After the threats have been identified, study them. Where are your vulnerabilities exactly? What is their cause, and how can you eliminate it? Multiple threats will be ranked by severity and categorized based on their system of origination. This step will guide the order in which you address threats in Step 4.

Step 4: Remediation

Begin patching flaws and eliminating any existing malware or any other unauthenticated components found during the scan. 

How often should I scan for vulnerabilities?

Remember, the management of security vulnerabilities doesn’t end with only one scan. Scanning should be repeated routinely —  ideally on a quarterly, monthly, or weekly basis, depending on what you believe is best for your organization given its level of risk. 

What are the types of vulnerability scans?

The extent of your vulnerability scans will depend on the types of information systems your company uses and where your sensitive data lives. Common types of vulnerability scans include: 

  • Network vulnerability scans
  • Application vulnerability scans
  • Host-based scans
  • Wireless router scans
  • Database scans

Conducting internal scans or external scans can have different benefits and objectives. External scans can detect vulnerabilities in your open ports or firewalls, whereas internal scans can harden your defenses to assure those defenses can withstand threats that have already penetrated the network.

Who should conduct the vulnerability scan?

You can either conduct scans in-house, or outsource the task to a third-party organization that does the vulnerability scans on your behalf.

Hiring a third party to conduct vulnerability scans may have its appeal, but your compliance requirements might dictate that you keep cybersecurity activities in-house. Whatever the case may be, it’s important that the person or people involved have an intimate understanding of your systems and the data your company uses.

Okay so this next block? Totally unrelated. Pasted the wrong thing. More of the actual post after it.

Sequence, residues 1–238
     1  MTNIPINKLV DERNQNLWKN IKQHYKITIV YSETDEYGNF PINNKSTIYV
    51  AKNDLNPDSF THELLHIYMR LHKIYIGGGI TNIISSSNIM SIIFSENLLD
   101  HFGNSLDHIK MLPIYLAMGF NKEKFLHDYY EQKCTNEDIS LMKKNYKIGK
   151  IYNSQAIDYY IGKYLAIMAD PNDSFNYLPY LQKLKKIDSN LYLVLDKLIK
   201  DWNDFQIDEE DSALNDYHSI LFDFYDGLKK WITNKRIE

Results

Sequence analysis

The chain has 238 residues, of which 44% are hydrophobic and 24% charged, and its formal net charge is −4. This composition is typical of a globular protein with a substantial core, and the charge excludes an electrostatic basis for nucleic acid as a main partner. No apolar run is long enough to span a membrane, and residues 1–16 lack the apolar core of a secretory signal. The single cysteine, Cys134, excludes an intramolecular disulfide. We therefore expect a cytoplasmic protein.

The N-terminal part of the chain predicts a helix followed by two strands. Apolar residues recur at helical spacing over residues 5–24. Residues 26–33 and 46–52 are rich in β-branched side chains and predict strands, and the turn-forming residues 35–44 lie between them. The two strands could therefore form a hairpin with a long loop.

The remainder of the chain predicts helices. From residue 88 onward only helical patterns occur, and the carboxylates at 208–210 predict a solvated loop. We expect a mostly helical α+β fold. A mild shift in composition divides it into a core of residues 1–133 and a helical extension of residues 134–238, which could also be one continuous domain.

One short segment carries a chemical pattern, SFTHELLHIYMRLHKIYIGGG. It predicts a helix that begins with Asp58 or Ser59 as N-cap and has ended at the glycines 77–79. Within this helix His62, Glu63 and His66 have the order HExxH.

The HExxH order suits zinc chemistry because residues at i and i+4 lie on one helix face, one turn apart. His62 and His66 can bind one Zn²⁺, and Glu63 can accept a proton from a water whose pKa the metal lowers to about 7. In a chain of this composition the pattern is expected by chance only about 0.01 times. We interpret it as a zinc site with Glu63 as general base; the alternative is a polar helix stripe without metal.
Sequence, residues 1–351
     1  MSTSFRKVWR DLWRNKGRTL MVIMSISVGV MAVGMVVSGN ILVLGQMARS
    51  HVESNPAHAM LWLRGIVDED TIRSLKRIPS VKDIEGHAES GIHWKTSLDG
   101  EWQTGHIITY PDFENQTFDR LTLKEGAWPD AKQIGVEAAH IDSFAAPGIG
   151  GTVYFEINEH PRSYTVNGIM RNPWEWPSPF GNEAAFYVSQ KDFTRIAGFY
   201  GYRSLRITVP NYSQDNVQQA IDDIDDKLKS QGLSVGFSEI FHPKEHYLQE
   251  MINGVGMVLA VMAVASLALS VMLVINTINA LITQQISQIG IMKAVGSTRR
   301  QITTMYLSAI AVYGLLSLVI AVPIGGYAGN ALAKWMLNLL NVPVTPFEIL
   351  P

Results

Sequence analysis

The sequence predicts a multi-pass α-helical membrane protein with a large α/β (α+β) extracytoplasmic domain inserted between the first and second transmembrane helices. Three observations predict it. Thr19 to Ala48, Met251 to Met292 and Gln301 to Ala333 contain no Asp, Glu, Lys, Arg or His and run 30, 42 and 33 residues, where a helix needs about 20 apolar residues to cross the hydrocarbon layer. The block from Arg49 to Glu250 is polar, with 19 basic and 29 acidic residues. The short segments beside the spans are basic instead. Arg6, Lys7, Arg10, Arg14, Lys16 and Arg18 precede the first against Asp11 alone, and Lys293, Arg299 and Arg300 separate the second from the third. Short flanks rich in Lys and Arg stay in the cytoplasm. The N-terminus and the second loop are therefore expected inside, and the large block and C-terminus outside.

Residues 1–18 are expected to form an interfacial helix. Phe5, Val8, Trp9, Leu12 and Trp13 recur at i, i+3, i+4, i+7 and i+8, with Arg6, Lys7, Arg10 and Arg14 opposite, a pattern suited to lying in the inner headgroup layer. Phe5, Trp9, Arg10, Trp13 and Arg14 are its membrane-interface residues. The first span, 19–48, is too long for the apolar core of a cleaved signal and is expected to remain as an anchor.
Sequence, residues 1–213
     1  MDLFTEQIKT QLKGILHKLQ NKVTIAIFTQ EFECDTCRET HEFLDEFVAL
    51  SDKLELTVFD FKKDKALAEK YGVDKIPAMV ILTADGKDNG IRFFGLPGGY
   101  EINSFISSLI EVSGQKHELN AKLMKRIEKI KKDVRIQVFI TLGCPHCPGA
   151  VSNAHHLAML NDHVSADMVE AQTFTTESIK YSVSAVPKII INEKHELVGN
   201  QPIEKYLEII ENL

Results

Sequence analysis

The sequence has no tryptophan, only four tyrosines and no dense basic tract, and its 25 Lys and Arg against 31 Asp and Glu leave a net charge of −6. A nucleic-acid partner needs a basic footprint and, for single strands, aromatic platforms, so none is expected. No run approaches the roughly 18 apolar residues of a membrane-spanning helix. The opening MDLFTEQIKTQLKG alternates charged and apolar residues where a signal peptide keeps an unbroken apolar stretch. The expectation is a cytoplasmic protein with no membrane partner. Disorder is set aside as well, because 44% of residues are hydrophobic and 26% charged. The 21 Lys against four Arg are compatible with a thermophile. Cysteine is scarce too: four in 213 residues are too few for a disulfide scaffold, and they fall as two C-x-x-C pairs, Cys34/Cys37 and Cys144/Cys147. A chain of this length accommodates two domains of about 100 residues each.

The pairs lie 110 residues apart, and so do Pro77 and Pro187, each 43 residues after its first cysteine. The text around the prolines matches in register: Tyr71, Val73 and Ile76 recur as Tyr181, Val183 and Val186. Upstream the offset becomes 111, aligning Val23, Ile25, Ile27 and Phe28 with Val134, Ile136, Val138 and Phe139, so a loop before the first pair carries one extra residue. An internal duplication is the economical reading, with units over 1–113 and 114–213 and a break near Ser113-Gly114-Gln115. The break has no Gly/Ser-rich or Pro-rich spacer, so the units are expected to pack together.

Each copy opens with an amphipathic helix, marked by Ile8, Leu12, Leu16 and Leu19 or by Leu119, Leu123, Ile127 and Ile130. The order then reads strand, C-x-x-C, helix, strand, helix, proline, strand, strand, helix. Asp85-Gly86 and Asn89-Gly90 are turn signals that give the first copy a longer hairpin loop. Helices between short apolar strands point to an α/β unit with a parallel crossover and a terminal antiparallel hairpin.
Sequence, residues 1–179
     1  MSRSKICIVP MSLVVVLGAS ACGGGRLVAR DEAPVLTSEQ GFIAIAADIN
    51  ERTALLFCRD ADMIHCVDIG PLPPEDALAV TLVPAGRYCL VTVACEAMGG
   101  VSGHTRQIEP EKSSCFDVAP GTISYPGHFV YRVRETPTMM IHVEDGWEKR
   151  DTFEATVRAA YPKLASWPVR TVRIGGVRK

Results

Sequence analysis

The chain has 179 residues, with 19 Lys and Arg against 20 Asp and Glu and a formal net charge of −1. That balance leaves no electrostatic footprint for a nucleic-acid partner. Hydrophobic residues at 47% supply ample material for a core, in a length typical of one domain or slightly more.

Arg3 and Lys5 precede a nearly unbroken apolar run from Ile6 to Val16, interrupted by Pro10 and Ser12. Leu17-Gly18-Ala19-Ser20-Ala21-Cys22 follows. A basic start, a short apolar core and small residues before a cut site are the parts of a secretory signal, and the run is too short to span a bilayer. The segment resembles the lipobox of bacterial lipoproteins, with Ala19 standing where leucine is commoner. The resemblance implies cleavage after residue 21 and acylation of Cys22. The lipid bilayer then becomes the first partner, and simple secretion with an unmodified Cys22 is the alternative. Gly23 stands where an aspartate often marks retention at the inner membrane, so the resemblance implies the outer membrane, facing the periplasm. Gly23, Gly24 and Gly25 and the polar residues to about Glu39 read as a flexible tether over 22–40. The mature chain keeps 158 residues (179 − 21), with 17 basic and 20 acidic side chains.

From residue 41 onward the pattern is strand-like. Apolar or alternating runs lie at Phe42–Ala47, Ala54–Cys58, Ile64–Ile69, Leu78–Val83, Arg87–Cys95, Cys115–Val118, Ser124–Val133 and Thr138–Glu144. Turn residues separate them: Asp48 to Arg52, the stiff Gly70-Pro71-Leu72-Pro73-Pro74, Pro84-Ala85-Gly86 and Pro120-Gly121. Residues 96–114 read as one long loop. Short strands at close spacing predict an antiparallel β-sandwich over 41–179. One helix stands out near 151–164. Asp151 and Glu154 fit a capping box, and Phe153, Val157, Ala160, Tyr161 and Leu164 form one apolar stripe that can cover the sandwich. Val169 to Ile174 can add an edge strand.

For smaller companies that use tools to conduct their vulnerability scans, there are many on the market. Some popular open-source options include:

  • OpenVAS
  • OWASP 

Other leading security tools include:

  • Netsparker
  • Tenable Nessus Professional
  • Tripwire IP360

Should I use vulnerability tools or hire a management company?

The choice between using vulnerability tools or hiring a management company will depend on your budget, needs, existing IT security team, and level of risk. Some circumstances may dictate that you use both types of scanning.

Furthermore, vulnerability scans should only be one element of a robust cybersecurity and compliance management program. Vulnerability assessment, scanning, and penetration testing should all be done consistently to improve your organization’s security stance over time as the risk environment evolves. 

ZenGRC is a governance, risk management, and compliance tool with a variety of solutions to fit your needs. It can help to automate and facilitate the documentation and workflows involved in these routine tasks and eliminate the burden that comes along with following-up on outstanding tasks to ensure they’re being done. 

ZenGRC can also trace your compliance stance across multiple frameworks such as PCI DSS, HIPAA, FedRAMP, and more, in real-time, showing you where your gaps are and what’s needed to fill them, improving your overall security stance in the process.

Not only does this help compliance officers feel more effective at their jobs; it also makes organizations more efficient at the ongoing task of governance and continuous monitoring.

To see how ZenGRC can improve your cybersecurity strategies, schedule a free demo today.